When a series of extreme earthquakes hit the cities and towns along the San Andreas fault, an LAFD Air Rescue pilot risks his own safety in order to save the lives of his wife and daughter.
I’m normally a huge fan of disaster movies. I thought 2012 was fun. The Day After Tomorrow gets my heart racing. I consider Deep Impact to be one of my favorite movies. Needless to say, when I heard about San Andreas, I was pretty darn excited. A new disaster movie that stars Dwayne Johnson? That sounds wonderful. Now that it’s been released on Blu-Ray, I’ve finally gotten to see it.
My overall thought? It’s alright. San Andreas is your typical summer blockbuster which has tons of destruction with a lackluster and predictable story. I’m sure no one went into this movie thinking they were going to see a masterpiece, but it’s gotten its fair share of negative comments from critics.
One thing this movie really has going for it is its cast. There are tons of big names in San Andreas. I mentioned earlier that the film stars Dwayne Johnson as Ray, the LAFD Air Rescue pilot. His estranged wife, Emma, is played by Carla Gugino, and his daughter Blake is played by Alexandra Daddario. With an estranged wife, there is almost always a new boyfriend in the picture. That’s Daniel, played by Ioan Gruffodd. We even see Paul Giamatti in San Andreas, playing a Caltech seismologist. There are other smaller roles played by Kylie Minogue and Will Yun Lee as well.
In terms of the plot, there are a lot of falling buildings. It was very chaotic to watch. It was almost as if there was no breathing room between all the horrible things that happened during the depicted earthquakes. While I do admit that I felt it was chaotic, I do feel that the movie would have been better off if it had examined the after effects of a massive earthquake, rather than taking the path that it did. I felt like the movie could have focused a little more on other people, bringing in a bit more of a human aspect to the tragedy. For the most part, the movie just sees a lot of architecture destroyed (which is done very well I might add), and it solidifies the architecture aspect by ending with the lines, “What do we do now?” “We rebuild”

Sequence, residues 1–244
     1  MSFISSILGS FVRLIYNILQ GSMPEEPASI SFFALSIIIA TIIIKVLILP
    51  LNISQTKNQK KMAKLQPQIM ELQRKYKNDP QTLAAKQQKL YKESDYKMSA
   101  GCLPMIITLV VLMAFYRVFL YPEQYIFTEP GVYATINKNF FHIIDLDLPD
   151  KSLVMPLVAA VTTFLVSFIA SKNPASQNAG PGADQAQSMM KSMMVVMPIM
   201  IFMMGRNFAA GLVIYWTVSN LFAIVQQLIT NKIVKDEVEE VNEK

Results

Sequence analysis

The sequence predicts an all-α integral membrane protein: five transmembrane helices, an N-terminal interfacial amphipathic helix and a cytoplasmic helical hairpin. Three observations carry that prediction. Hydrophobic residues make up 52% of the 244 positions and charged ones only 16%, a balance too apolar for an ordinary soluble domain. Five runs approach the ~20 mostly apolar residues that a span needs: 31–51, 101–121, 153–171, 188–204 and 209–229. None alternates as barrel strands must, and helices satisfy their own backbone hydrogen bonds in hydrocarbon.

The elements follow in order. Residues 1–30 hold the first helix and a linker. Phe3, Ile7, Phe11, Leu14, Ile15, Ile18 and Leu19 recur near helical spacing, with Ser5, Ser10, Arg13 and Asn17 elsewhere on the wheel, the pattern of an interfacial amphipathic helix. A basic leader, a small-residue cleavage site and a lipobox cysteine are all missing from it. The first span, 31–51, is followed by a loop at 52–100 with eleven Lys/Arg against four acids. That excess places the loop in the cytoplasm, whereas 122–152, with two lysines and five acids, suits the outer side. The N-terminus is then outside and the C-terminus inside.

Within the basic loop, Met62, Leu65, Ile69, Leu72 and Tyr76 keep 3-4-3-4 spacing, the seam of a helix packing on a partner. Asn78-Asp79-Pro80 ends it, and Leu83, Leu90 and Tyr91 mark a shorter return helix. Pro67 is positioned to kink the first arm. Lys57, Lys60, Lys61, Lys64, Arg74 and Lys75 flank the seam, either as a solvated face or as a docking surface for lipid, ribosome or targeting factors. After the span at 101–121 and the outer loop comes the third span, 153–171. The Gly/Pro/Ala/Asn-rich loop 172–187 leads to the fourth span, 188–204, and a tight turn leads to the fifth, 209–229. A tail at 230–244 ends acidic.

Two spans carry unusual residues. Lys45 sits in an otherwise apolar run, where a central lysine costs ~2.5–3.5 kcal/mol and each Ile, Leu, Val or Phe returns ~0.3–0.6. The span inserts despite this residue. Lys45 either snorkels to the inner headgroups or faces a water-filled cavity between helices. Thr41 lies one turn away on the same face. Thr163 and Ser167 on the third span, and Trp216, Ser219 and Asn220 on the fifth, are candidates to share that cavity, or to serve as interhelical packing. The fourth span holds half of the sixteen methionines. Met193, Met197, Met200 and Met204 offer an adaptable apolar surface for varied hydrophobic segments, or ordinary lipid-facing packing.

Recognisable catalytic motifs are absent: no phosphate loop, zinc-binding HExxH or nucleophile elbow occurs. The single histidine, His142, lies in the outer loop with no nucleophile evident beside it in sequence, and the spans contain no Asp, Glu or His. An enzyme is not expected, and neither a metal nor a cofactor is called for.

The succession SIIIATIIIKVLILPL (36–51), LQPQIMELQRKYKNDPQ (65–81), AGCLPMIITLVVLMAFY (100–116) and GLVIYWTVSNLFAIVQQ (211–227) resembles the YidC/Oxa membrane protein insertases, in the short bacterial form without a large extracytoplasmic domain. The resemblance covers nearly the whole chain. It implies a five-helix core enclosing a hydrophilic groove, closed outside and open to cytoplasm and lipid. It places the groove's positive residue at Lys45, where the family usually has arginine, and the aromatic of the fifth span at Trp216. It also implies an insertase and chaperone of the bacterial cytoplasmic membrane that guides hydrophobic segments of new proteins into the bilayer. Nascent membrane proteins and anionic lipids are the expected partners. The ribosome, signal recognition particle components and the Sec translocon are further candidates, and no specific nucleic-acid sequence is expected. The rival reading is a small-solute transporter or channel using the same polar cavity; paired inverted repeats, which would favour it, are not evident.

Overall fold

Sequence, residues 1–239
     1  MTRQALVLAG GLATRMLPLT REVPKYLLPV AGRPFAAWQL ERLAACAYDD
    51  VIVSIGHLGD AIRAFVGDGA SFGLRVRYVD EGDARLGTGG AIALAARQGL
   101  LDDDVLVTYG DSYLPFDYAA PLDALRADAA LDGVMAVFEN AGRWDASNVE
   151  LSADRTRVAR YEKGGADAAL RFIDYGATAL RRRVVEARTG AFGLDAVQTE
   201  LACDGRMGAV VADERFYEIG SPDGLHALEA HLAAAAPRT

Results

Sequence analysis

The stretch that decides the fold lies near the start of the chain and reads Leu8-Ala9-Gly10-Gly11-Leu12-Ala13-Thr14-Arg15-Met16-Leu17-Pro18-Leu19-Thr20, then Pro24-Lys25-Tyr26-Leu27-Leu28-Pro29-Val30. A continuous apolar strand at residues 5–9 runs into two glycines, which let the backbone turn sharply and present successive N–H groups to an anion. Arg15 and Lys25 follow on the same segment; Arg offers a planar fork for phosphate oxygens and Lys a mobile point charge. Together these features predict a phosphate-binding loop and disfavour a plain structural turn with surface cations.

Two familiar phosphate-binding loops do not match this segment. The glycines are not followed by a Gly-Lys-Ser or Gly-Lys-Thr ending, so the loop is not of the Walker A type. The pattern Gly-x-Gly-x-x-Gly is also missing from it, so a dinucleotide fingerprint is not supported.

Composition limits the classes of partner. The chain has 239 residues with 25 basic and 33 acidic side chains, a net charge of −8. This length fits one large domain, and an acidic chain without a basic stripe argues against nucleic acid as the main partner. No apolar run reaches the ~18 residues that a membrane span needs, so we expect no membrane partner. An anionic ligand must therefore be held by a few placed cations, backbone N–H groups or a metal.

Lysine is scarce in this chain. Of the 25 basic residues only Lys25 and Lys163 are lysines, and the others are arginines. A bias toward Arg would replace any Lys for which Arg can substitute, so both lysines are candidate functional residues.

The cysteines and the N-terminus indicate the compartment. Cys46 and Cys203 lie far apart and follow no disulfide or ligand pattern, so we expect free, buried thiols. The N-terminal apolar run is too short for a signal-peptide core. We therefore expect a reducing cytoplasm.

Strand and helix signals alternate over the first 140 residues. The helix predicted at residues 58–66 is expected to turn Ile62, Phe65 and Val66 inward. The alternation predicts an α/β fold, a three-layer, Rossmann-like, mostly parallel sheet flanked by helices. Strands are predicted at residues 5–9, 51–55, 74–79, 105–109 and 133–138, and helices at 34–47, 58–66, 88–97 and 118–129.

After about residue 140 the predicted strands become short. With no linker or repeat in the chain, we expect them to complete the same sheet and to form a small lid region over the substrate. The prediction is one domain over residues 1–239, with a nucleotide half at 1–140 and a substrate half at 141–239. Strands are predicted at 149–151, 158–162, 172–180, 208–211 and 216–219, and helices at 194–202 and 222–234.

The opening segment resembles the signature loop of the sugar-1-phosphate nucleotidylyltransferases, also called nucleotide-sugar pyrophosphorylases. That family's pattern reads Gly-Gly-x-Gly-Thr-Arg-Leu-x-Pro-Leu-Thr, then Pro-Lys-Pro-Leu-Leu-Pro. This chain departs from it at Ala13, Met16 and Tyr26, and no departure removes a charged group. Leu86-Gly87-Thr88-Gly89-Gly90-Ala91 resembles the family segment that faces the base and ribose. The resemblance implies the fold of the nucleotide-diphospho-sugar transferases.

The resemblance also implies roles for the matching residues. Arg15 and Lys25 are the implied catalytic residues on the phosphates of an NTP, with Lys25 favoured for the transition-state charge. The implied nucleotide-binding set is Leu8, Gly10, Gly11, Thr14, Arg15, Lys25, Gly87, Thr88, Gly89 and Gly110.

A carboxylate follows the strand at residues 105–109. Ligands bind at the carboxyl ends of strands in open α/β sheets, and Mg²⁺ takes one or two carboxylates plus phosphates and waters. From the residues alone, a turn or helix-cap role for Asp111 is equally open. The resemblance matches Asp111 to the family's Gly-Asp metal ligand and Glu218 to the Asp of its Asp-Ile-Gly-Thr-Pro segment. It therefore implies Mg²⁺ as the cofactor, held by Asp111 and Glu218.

Don’t get me wrong. It’s not as if the movie completely ignores the human aspect. It’s just that we only see the characters we’re supposed to care about. There is one scene when Emma (Carla Gugino) is having lunch in a high-rise with her boyfriend’s sister Susan (Kylie Minogue), and seeing the horror of a supposed 9.1 earthquake affect all of the people in this restaurant is one of the best and most terrifying moments of the entire movie. For the rest of San Andreas, the human aspect is brought to you through the backstory of the main family, as they try to piece themselves back together from a tragedy that occurred before the movie even started.
The performances in San Andreas are decent. Dwayne Johnson plays the perfect hero, carrying out stunts with ease and switching back into the dramatic part of a grieving father. Alexandra Daddario holds her own with the British brother duo Ben and Ollie (Hugo Johnstone-Burt and Art Parkinson). I had a slight problem with Paul Giamatti’s character, not really his fault. It was just unfortunate that his character was essentially narrating the story with scientific sounding language that was often muttered under his breath or mumbled very quickly. Giamatti’s character never interacts with the main characters in the story.
There were some scenes in the movie that were a tad too ridiculous for my liking. The opening scene focuses on a young blonde woman as she drives through winding canyon roads. As she’s driving, she continually takes her eyes off the road to reach for water or check her text messages, all while listening to Taylor Swift. The movie sets you up to think that she’s going to get in a car accident, and with everything they’re showing you, it’s as if you’re supposed to think she deserves it. Instead of a car accident, her car gets thrown off the road by a sudden landslide of sorts, and this starts a very long, drawn out tumble down the canyon. It didn’t sit well with me. I understand that the scene is in the movie to introduce Ray (Dwayne Johnson) as a total hero who is willing to risk his life to save others, but it felt more like a mockery of young women like the woman in the car. There were some other plot points I had issues with, including Ray ignoring his job to do personal business, but I’m not going to discuss them in detail so as to not ruin the plot any further.
Overall, San Andreas is a fun popcorn movie. You’re not going to get anything too deep from it, but it’s a decently fun ride while it lasts. The CGI is pretty good. The performances are solid, and there’s plenty of destruction if that’s what you’re into. I wouldn’t say it’s making the top of my list of disaster movies, but it’s alright.